Abstract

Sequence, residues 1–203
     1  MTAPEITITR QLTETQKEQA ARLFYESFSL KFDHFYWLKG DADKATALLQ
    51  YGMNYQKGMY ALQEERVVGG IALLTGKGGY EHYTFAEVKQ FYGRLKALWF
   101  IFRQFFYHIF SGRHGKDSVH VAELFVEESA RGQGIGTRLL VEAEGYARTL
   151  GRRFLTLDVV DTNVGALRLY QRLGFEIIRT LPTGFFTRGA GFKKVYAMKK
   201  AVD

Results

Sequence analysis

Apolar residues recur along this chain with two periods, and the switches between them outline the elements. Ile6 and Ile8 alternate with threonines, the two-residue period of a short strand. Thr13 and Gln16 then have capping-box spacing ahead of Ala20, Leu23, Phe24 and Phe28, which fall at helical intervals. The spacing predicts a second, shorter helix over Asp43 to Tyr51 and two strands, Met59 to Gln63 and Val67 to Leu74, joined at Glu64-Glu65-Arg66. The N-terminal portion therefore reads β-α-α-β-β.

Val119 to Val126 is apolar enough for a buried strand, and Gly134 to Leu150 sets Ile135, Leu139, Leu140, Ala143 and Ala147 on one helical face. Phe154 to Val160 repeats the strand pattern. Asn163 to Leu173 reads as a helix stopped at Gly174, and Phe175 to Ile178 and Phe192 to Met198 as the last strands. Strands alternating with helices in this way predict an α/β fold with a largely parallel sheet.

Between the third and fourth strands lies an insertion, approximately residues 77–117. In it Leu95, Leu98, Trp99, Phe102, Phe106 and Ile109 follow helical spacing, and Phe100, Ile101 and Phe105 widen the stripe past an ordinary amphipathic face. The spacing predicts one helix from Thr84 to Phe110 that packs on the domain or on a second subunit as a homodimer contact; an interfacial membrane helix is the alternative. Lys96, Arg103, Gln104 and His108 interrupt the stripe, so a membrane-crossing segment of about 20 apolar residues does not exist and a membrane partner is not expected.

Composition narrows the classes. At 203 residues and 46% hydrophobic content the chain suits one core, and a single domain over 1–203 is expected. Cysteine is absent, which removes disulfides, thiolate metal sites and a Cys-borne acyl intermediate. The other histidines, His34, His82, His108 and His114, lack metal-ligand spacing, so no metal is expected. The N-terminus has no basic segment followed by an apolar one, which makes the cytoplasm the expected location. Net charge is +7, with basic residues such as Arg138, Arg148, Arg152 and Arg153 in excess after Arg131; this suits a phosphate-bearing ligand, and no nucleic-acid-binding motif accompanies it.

Hydroxyurea, a drug widely used in therapy of several human diseases, inhibits deoxynucleotide synthesis--and, consequently, DNA synthesis--by blocking the cellular enzyme ribonucleotide reductase. Hydroxyurea inhibits human immunodeficiency virus-type 1 (HIV-1) DNA synthesis in activated peripheral blood lymphocytes by decreasing the amount of intracellular deoxynucleotides, thus suggesting that this drug has an antiviral effect. Hydroxyurea has now been shown to block HIV-1 replication in acutely infected primary human lymphocytes (quiescent and activated) and macrophages, as well as in blood cells infected in vivo obtained from individuals with acquired immunodeficiency syndrome (AIDS). The antiviral effect was achieved at nontoxic doses of hydroxyurea, lower than those currently used in human therapy. Combination of hydroxyurea with the nucleoside analog didanosine (2',3'-dideoxyinosine, or ddl) generated a synergistic inhibitory effect without increasing toxicity. In some instances, inhibition of HIV-1 by hydroxyurea was irreversible, even several weeks after suspension of drug treatment. The indirect inhibition of HIV-1 by hydroxyurea is not expected to generate high rates of escape mutants. Hydroxyurea therefore appears to be a possible candidate for AIDS therapy.

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